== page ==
By Dr. Anthony Policastro

I hear many sermons at church. There is one from about 20 years ago that made such an impression that I still remember it. 

The topic was about people wasting their time saying things like “If only…” or “What if…” The idea was that “if only” things are gone. Holding onto them will not change them. The “what if” things may never happen. Therefore, they are pure speculation.

Recently, I attended the high school graduation ceremony of two of my grandchildren. Their school superintendent talked in a similar fashion. He said thinking about the past is depression. Thinking about the future is anxiety.

When you think about it, all of this is related and makes sense. When we face a loss, we go through the stages of grief. They are denial, anger, bargaining, mourning and acceptance.

A statement like “if only” suggests that there is still bargaining going on about a previous loss. The individual has not yet come to terms with that loss. Therefore, by obsessing about it, there is a thought that perhaps it might change.

That is not ever going to happen. Getting stuck at bargaining in the mourning process is in actuality a form of depression. The school superintendent may not have meant it exactly that way, but he was correct.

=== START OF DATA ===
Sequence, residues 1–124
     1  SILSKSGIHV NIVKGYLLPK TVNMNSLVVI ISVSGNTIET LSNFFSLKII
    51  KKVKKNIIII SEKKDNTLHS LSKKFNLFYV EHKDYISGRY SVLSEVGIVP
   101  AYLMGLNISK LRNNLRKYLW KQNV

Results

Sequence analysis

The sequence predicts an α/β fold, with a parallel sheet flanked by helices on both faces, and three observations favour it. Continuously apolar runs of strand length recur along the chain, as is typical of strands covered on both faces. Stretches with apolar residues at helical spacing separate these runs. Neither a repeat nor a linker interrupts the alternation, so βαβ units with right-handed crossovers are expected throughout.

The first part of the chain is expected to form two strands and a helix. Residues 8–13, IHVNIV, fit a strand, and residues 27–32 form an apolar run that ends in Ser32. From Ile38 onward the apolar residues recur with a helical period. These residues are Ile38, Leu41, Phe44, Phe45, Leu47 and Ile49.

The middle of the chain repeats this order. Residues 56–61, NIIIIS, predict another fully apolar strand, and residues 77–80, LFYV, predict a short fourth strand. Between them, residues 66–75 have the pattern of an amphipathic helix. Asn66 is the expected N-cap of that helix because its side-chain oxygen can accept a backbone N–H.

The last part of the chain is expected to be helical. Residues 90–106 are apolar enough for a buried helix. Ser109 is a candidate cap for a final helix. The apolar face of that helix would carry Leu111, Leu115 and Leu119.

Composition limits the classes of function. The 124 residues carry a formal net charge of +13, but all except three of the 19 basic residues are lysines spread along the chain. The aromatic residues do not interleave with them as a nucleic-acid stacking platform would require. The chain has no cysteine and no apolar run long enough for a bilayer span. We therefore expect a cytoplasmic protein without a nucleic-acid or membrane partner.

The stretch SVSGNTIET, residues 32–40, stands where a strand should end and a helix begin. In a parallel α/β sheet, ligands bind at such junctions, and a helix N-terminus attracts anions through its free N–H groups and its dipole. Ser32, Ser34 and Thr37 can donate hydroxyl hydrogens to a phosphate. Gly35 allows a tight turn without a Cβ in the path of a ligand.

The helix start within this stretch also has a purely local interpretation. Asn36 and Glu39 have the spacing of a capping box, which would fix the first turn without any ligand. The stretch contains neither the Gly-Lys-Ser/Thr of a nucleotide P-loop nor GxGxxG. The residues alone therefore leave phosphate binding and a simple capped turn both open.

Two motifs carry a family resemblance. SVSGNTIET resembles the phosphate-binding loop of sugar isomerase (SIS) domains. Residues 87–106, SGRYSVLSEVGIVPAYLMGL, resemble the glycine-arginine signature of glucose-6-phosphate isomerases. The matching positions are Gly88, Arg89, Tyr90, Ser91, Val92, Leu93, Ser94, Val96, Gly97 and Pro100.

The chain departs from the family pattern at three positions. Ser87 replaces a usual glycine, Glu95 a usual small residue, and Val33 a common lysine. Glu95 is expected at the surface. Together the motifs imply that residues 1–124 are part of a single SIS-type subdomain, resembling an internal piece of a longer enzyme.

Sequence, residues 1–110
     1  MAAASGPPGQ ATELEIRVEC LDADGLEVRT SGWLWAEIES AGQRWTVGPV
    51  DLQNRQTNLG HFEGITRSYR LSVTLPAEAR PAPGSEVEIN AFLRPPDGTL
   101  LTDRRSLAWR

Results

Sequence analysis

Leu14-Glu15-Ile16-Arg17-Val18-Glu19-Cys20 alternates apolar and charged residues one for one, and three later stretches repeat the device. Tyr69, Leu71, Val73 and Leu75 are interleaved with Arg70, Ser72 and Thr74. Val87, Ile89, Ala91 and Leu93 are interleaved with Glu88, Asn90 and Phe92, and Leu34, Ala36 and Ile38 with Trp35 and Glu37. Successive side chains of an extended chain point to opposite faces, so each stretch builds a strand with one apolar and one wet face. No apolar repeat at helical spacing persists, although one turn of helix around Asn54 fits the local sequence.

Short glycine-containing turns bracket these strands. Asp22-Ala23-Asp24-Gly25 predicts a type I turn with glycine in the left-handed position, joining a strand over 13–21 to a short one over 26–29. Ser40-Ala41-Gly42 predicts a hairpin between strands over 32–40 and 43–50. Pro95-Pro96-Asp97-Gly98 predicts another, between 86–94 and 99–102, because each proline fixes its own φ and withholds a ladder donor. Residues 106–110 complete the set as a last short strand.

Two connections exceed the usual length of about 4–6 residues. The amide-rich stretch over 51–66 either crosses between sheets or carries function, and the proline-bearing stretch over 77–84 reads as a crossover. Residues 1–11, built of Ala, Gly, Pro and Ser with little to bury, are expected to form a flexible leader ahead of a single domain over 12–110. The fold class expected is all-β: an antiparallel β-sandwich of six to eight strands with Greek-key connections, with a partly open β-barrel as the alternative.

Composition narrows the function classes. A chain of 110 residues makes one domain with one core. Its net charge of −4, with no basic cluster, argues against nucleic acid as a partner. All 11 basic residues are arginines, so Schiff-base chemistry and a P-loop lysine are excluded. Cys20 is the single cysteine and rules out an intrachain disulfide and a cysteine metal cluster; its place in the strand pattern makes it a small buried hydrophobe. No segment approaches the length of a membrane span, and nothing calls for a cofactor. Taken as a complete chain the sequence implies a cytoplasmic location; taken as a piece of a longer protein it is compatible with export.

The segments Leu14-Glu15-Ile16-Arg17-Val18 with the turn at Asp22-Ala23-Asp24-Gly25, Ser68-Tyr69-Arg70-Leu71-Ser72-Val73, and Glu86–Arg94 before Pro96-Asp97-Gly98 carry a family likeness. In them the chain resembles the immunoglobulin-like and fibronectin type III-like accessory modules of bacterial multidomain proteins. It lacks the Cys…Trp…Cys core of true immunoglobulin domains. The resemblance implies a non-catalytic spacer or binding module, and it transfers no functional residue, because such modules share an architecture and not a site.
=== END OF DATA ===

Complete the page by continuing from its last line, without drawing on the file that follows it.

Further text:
There are reasons to look at “what if” scenarios. Planning things sometimes require those kinds of situations to be addressed. However, worrying about things that are unnecessary for planning purposes creates unneeded stress.

For example, making contingency plans for the weather for an outdoor event makes sense. However, worrying about the weather for each and every upcoming event is unnecessary. That is especially true if the worrying begins when the 10 day forecast first comes out.

An early prediction of bad weather is likely to be incorrect. If that weather is not going to affect the event anyway, the weather report is of no value that far out. 

There are often situations where people spend their time and energy wondering about scenarios that are very unlikely to occur. As the school superintendent implied worrying about things that might happen only creates undue anxiety.

It appears that sometimes priests and school superintendents might be more introspective than the rest of us. We would all do well to learn from their advice.